I used to think adults are disadvantaged because we don’t deeply understand digital spaces that youth inhabit. Now I have a larger concern. We’re challenged by collaboration. And when the generation that is equipped with skills for creating flourishing systems and understands their place as a node within a complex network rather than a hierarchy arrives in the workplace, we are going to drive them nuts. Those kids aren’t going to stick around places that haven’t built capacity for Deep Collaboration, particularly as they’ll have creative capacity. They’ll create the workplace in which they function best and it probably won’t be within your company or institution. They’ll leave and you won’t even know why.
It was my sister who pointed this out to me a few years ago. The coming conflict. I didn’t know what she meant at the time, but over the past 2 years as I spend more time in spaces inhabited by adults, observing group interactions, considering how they’ve chosen to structure themselves and thinking about my place within those spaces it becomes clear. We stumble our way into decisions. In fact, the most common frustration expressed by every adult I’ve spoken with about new models of learning is the lack of problem solving skills in the people they hire or work with or work for. Deep Collaboration and problem-solving are certainly not things I learned in school where the focus was on content and not on the most effective ways to engage with one another when trying to develop a solution to a really difficult problem on an interdisciplinary team. Think of any staff meeting you’ve ever been to. For the most part they involve circular conversations, venting and random idea suggestions. Rarely does a clear path forward emerge. If a decision is taken, it often is not the best decision – it’s a ‘we don’t know what else to do so we’ll do this, besides, we’re out of time and there are 20 more things we need to get done’ decision.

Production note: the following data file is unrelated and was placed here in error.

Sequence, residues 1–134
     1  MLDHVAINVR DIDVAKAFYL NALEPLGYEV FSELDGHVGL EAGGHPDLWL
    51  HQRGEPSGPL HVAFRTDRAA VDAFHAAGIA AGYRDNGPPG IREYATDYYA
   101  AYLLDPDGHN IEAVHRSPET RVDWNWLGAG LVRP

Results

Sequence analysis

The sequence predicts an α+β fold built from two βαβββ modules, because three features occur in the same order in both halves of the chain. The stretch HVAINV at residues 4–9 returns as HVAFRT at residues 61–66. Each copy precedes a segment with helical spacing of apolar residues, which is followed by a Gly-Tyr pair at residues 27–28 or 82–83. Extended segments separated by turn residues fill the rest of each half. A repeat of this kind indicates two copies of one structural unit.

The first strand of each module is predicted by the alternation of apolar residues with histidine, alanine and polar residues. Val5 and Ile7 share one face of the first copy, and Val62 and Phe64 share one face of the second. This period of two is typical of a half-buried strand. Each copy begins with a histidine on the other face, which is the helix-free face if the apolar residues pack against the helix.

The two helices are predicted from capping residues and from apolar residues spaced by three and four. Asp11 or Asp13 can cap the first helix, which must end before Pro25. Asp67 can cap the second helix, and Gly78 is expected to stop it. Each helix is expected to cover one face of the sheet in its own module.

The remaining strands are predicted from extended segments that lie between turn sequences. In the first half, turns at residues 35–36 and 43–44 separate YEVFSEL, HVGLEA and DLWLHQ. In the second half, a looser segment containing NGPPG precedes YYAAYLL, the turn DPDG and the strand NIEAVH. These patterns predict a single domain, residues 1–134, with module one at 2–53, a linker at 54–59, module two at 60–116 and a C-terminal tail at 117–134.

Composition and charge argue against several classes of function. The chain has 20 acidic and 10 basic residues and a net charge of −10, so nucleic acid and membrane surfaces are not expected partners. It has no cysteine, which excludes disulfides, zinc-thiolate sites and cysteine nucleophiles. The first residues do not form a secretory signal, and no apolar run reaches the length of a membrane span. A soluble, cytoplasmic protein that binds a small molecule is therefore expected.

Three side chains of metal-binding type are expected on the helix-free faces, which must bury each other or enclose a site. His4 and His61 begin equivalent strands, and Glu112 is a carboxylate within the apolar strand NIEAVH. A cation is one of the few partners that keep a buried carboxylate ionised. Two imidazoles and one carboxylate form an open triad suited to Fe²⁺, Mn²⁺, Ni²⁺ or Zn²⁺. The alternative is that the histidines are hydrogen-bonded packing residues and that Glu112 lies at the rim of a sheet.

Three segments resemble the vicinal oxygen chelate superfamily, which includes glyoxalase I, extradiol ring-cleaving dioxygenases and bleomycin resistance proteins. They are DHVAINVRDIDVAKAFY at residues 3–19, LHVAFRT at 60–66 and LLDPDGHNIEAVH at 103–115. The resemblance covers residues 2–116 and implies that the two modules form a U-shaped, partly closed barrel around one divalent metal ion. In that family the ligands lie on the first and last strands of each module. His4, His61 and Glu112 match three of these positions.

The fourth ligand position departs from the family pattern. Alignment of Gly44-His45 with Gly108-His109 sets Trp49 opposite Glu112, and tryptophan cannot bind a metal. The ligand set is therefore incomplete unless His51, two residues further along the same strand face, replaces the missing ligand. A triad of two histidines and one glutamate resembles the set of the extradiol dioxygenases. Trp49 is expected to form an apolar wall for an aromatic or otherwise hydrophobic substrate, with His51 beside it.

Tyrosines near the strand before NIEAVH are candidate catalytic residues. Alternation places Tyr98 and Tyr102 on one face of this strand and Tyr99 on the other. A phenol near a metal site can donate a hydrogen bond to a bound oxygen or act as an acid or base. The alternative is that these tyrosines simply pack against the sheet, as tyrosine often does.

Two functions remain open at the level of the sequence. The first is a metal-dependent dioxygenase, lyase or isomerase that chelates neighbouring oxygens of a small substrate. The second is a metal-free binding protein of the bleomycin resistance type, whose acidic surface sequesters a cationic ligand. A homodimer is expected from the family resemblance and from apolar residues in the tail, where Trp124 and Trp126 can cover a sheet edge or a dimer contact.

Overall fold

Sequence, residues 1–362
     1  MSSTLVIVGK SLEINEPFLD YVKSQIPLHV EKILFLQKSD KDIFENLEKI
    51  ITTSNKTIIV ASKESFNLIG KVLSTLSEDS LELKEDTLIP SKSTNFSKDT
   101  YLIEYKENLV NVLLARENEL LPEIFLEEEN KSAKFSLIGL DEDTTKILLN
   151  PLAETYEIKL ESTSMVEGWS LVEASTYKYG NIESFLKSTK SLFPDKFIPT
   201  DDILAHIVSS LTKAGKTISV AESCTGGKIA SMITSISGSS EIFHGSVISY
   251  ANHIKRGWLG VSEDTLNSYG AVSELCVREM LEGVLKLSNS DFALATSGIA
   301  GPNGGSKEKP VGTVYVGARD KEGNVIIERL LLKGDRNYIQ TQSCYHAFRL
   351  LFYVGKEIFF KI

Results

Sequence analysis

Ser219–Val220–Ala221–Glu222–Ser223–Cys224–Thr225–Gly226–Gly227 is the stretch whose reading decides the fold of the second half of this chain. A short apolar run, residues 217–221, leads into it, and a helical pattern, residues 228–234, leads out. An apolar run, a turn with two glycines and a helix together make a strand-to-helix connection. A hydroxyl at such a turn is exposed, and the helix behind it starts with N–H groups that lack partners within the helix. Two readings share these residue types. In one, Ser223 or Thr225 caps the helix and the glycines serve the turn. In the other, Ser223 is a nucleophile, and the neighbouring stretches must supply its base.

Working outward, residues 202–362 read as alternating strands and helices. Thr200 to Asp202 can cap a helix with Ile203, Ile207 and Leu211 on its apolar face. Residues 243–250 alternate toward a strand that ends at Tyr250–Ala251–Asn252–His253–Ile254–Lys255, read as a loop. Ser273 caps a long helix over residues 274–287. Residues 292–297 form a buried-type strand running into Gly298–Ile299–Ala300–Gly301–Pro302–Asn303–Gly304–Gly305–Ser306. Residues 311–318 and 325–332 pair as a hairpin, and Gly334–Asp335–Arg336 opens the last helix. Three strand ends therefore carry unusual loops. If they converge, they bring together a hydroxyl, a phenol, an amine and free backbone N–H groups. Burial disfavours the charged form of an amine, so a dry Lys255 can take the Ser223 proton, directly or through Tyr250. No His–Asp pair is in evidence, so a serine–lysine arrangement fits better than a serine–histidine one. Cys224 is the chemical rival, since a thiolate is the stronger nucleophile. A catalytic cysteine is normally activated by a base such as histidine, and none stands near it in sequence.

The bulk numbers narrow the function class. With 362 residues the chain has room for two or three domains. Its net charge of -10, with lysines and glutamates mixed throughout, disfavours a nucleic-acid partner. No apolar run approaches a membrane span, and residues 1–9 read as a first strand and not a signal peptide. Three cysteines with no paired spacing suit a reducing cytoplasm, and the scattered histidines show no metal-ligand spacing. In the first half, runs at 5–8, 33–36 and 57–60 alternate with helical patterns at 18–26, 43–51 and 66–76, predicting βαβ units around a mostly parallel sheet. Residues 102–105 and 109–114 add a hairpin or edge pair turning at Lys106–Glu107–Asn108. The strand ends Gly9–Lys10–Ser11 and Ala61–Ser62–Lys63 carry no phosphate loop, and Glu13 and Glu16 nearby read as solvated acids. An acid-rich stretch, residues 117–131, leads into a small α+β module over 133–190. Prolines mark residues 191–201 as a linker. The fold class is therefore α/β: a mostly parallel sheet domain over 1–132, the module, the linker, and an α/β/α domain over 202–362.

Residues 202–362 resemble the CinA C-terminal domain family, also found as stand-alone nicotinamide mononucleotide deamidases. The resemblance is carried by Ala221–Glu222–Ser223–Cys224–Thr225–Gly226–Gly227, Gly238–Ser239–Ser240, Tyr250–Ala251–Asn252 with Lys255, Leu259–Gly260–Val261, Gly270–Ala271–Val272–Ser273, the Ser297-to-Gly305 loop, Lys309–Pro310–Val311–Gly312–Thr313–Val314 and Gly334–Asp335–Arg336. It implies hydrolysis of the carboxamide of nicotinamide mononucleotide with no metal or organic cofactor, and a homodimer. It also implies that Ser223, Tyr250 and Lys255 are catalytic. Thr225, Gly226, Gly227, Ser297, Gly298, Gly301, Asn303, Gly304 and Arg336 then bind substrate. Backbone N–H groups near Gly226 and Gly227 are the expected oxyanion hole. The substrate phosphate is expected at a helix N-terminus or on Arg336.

Part of the problem is that adults have not been explicitly taught to recognize the stage they are at in problem solving, nor the kinds of conversations that work well at particular stages, nor the kind of THINKING they might want to engage in based on the stage they are at. There is a lack of awareness about the tools available that lead to interesting places when seeking truly innovative solutions. Nor are there strategies for deliberately and constructively surfacing all ideas, not just those of the people who talk a lot. Problem-solving is more often rushed and stumbled through to as Roger Martin says in The Opposable Mind, acceptance of compromise and trade-offs.
The biggest difference I see between what my students understand when working in groups and how adults often engage centers on what to do with tensions. For my students, tensions are interesting things to be leveraged. It’s what allows them to reach innovation. For many, tensions are things to avoid. They are things talked about quietly between colleagues after everyone has left the room. And that is a shame. Because it’s by intentionally exploring tensions that innovations are found. My students who are adept in Integrative Thinking, Design Thinking and Knowledge Building know that. They also know that assumptions must be surfaced and examined and they are equipped with tools to do so. They know how to lance the boils.
What’s to be done? How do we build capacity for tension exploration?
For my students like the ones featured in these clips, I suspect they’ll go where people understand Deep Collaboration.
I think what’s needed in the work place are collaboration specialists. Deep Collaboration is not something that can be learned by sending everyone to one-off professional development with the expectation that upon return all suddenly know how to collaborate. It will never work that way. The learning has to be embedded in the every day work that people do and somebody needs to be there to facilitate the group through moments of tension.
As I ponder my future and where to go next in my career, I wonder if Collaboration Specialist might be a role for me.